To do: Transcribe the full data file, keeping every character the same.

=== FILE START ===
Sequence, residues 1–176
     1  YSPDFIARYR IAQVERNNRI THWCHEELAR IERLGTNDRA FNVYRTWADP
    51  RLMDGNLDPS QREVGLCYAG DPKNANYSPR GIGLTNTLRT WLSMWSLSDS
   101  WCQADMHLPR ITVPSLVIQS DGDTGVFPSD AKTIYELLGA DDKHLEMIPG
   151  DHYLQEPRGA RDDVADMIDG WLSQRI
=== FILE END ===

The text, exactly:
Sequence, residues 1–176
     1  YSPDFIARYR IAQVERNNRI THWCHEELAR IERLGTNDRA FNVYRTWADP
    51  RLMDGNLDPS QREVGLCYAG DPKNANYSPR GIGLTNTLRT WLSMWSLSDS
   101  WCQADMHLPR ITVPSLVIQS DGDTGVFPSD AKTIYELLGA DDKHLEMIPG
   151  DHYLQEPRGA RDDVADMIDG WLSQRI